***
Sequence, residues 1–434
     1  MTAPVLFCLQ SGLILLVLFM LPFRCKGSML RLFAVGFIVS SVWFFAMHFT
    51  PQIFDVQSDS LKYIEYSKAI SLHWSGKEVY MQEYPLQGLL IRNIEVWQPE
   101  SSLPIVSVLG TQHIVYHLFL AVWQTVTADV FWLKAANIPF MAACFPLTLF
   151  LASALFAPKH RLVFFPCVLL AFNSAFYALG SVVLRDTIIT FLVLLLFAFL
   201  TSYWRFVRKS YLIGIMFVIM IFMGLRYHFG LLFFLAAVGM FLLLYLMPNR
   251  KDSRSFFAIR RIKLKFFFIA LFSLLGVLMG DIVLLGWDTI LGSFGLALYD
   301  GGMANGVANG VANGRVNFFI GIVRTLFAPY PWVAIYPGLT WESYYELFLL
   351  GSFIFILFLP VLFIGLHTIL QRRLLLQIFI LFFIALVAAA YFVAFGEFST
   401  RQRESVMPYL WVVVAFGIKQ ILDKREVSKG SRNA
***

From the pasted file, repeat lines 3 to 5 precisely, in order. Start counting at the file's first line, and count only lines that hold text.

    51  PQIFDVQSDS LKYIEYSKAI SLHWSGKEVY MQEYPLQGLL IRNIEVWQPE
   101  SSLPIVSVLG TQHIVYHLFL AVWQTVTADV FWLKAANIPF MAACFPLTLF
   151  LASALFAPKH RLVFFPCVLL AFNSAFYALG SVVLRDTIIT FLVLLLFAFL